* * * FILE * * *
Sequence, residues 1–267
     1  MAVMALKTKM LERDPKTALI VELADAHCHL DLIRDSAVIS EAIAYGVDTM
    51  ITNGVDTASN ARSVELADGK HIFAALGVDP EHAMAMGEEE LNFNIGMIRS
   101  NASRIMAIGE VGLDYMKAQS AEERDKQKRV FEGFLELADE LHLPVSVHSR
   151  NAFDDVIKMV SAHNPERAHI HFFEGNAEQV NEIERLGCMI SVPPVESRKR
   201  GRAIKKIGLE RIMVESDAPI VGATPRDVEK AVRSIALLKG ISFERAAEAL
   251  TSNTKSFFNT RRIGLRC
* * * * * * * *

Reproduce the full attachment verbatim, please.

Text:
Sequence, residues 1–267
     1  MAVMALKTKM LERDPKTALI VELADAHCHL DLIRDSAVIS EAIAYGVDTM
    51  ITNGVDTASN ARSVELADGK HIFAALGVDP EHAMAMGEEE LNFNIGMIRS
   101  NASRIMAIGE VGLDYMKAQS AEERDKQKRV FEGFLELADE LHLPVSVHSR
   151  NAFDDVIKMV SAHNPERAHI HFFEGNAEQV NEIERLGCMI SVPPVESRKR
   201  GRAIKKIGLE RIMVESDAPI VGATPRDVEK AVRSIALLKG ISFERAAEAL
   251  TSNTKSFFNT RRIGLRC